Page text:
I agree with you 100%. Physicians trusted HMO's and thought they would help them. What they didn't know at the time that these insurance companies would be denying life saving operations to their patients ! And how about United Healthcare cheating on claims ?
I lost my job because of issues related to my health and I kept up with the cobra payments while I could qualify. Then because of preexisting conditions, I was now basically uninsurable, but holding my own. I prepay my doctors visits and they give a good discount for paying up front. Although regular work is spotty at best right now, I get by, but single trip to the E.R., 24 hours in the hospital, and some tests raked up nearly $7000.00 for the hospital. Nearly another $800.00 for E.R. doctor fees alone. Wearing a heart monitor for 24 hours $450.00, two office calls $140.00, lab work $90.00, medications 1 month $100.00. Total, $8580.00. I don't really care what kind of health care I get.
Well dont count on goverment run health care to make it better all you will do is wait for any treatment ..days maybe a week for a docs appt, surgery .....in definate time.office calls you'll be lucky ...you still pay for meds.Yes ER you may get somewhere .I sympathise.. its a dilemma isnt it , I wish the best health treatment you can get..
Thanks, I know what you mean though. My ex- father in law was a paranoid schizophrenic and treated under government rules. He became very ill and was hospitalized with pneumonia, he was getting better and the regulations were such that he was to go home on oxygen. He lived alone and was found dead 3 days later. Officials wanted to do an autopsy because it was just too soon after leaving the hospital. He died because of what they called mucus plugs in his lungs. I'm sure things would have been different had he not been mentally ill, but the government programs were pushing him out the door.
My husbands employer dropped the health insurance and as of April 22. we do not have any. After trying to get it on our own we were denied because of risk factor. He has stents and I have emphysema. So much for getting in the door, if your sick! Suggestions?
Not sure if they have it in Florida yet but if they do the Medicaid Buy In for Working People with Disabilities is a good option. Google the term. In states that have it (which is increasing) the income and asset restrictions are well within a standard person's income.
I agree with Margy../gov health care sounds appealing,,,but I have a really really good friend in Perth Australia who is in horrible pain every single day..she needa s specifc surgery and it is being denied to her causint her health to furter deteriorate,( severly) many months to wait often for any help...I dont think Id want that..
also,,,I thought drug seeking was illegal...why are these repeat visits not red flagged and dealth with in a legal matter..really dont know the answer ...wondering???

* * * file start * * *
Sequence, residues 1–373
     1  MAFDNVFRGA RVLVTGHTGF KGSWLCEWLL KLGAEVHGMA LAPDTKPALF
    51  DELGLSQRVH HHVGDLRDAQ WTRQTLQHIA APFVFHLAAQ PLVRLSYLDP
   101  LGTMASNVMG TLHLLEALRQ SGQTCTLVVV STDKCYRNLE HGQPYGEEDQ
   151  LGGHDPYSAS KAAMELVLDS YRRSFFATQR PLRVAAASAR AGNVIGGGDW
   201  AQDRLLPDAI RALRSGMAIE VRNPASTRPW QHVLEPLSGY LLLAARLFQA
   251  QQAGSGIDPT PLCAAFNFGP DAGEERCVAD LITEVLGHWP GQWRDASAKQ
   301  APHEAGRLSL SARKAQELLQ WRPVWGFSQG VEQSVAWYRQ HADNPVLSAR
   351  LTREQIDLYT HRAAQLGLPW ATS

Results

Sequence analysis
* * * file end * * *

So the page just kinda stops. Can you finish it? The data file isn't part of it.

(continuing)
I'm not sure if those people were in any way legally not entitled to use the emergency room. Those 9 people may have misused it but that story was focusing on those people to focus on that angle. There are many more people that have no options. The problem is when people don't have health care entirely they use the emergency room for situations that are not emergencies but could turn into such as when their kid has chickenpox or a strep throat. A strep throat could be a quick visit to the doctor but without coverage it could have life threatening complications. I would not want socialized medicine certainly but some form of national health care plan with graduated premiums that people could opt into or out if they wanted to would be fair to me. Healthcare is something everyone should be entitled to. And the entire population benefits when everyone is entitled to healthcare because if yearly check ups and vaccinations were completely covered, for example, the rate of communicable diseases such as influenza (kills 36,000 people a year) would go down. Everyone should be covered. That said people who can should pay for healthcare. And nothing facetious should be covered. Botox injections for wrinkles can be skipped but (something I'm familiar with) Botox injections that I was suggested for my dystonic spasms or for people with Parkinson's should be. The public is to benefit but they should have their say as well.
insurance companys often make little sense to me for example mine never covered birth control, it sure covered my two planned pregnancys and then my ooophs pregnancy...my health insurance does not cover mamograms..it would cover breast cancer treatment...precentative medicine is by far the key to cost effectiveness.
However Id really love for liposuction to be covered , its a dream of mine suck out 30 lbs of fat,,,redistribute a few....LOL some cosmetic surgery would be awsome never ever believed in it even 10 years ago but gravity is doing strange things,,,,,